Archive for the ‘Polish genealogy, history and traditions’ Category

Beyond the Big Water. Part 3: The dark side of the emigration: the “Emigration Hyenas”.

Monday, January 13th, 2014

The massive emigration was easily and quickly discovered to be an excellent source of income for some resourceful individuals. The Galician poverty, overpopulation and illiteracy proved fertile ground for all  companies recruiting emigrants. The hope for  better life is natural.

The agents were mostly recruiting among people in villages, where was the highest rate of poverty. They promised that in America people will obtain free land and inventory. They promised good jobs and high salaries. The most successful recruitment was at the time of the hungry gap (late winter and early spring) and during the military enlistments. The agents were representing large ship companies from Bremen, Antwerp, Hamburg. Sometimes they had their own people working in certain villages.

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Beyond the Big Water. Part 2: The journey and its destinations.

Friday, January 10th, 2014

The most intensive emigration was in the period from 1870 to 1914. There are the historic documents from 1884, calculating that the average number of the emigrants arriving to Hamburg from Galicia each week was 200-300 people. About 85% of the emigrants traveled to the United States of America. There was also a large number of Jews leaving for Palestine and the Middle East, and other large emigrants’ destinations were Canada,  Brazil and Argentina (especially from Eastern Galicia).  For the peasants who only knew the world of their village  and the closest town,  this journey into the unknown , would take them several weeks.

Emigration to the USA in the period of 1870-1914 is estimated to have been between 1 and 1,2 million people; to Canada 107 000 in the period 1897-1911; to Brazil 60 000 in the period 1876-1914; to Argentina at least 30 000 in the period of 1892-1914.

The costs of emigration were always fully covered by the emigrants themselves. Sometimes there could be a little help of some Austrian diplomatic units located in destination countries, but there was no legislation regulating such cases. During the ‘Brazilian fever’ and in Canada, the emigrants were promised that they could obtain land, so the emigration there was mainly to settle permanently. The emigrants going to the United States, usually planned to work for a few years, save some money and come back to their home country. Sometimes they came back, sometimes not. But the future was always uncertain for emigrants, and they asked themselves many questions.  What does life there look like? Will the people be kind people? Is there a church? Will there be work? Will I ever come back home ?  The reasons for leaving their homes might have been different, but the questions concerning their new home were the same.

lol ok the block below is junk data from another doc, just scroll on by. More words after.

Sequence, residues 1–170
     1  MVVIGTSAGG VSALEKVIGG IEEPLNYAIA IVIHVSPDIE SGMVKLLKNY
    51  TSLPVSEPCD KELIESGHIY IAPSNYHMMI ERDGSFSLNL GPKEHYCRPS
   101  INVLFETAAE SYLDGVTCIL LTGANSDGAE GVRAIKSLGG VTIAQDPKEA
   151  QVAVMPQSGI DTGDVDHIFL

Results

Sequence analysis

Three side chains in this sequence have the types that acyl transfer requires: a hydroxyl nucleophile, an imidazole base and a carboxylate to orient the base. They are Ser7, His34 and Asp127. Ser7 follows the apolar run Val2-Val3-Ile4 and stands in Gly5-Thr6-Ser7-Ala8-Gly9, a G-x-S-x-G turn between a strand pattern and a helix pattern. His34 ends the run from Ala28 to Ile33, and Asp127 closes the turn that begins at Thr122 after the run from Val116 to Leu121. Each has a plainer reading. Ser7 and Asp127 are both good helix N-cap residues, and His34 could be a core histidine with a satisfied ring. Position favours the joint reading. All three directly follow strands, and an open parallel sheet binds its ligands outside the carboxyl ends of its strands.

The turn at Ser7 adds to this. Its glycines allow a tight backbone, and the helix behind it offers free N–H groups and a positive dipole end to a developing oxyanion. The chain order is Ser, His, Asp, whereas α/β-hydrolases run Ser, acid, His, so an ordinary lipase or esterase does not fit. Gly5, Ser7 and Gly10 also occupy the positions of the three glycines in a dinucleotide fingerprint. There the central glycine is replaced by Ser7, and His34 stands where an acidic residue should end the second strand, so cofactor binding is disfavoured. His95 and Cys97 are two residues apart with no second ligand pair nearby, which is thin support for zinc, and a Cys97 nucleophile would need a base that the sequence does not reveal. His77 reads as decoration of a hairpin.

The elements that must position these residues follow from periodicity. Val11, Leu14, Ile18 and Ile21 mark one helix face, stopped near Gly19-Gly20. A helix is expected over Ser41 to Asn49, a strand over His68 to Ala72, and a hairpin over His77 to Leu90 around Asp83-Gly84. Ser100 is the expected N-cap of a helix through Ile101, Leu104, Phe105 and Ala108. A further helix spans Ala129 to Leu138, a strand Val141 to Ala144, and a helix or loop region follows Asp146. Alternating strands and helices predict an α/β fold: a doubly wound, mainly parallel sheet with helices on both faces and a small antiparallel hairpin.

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Beyond the Big Water. Part 1: Reasons of the emigration.

Thursday, January 9th, 2014

There are not many direct sources about the emigration reasons. The motivation of the emigrants had never been checked on either of the borders, nor by the destination immigrant offices. The only reliable information  we have is from the memories, diaries, and letters, that have been passed down to family members.

The reasons given by authorities were: high level of birth rate, poverty, natural disasters, land fragmentation, lack of work and burdensome taxes causing liabilities.

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A village in Galicia. Picture source: National Digital Archive

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Beyond the Big Water. Emigration from Galicia: Introduction.

Wednesday, January 8th, 2014

Many of our ancestors  left the old continent and decided to start a new life beyond the Big Water: in America. There was an explosion of emigration in the whole of Europe, but in Galicia (the part of old Poland which was under Austrian partition) this phenomenon was enormous.

Why did they decide to leave? How did they prepare for the journey? It was a social, economical and political problem, and for a group of people it was an enormous business. Who made profits on emigration?  The whole emigration phenomenon has also its dark side: swindlers, cheating, taking advantage of emigrants, corruption and violence. The emigration phenomenon helps to have a broad view on Galicia’s history.

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Road shrines in Poland

Thursday, April 4th, 2013

fot. Aga P.

When travelling throughout Poland with foreign guests, they often look at the small structures built along the roads with great curiosity and ask about them.

They are made of concrete or wood. They are separate constructions or attached to trees. They are small like bird feeders or as big as a chapel. They have figures of saints or they are just crucifixes. They are road shrines.

Road shrines are something very common in Poland and we often do not pay much attention to them. They were always just part of the landscape. Only after visiting the Polish countryside with our guests do we realize that this is something that is not so usual.

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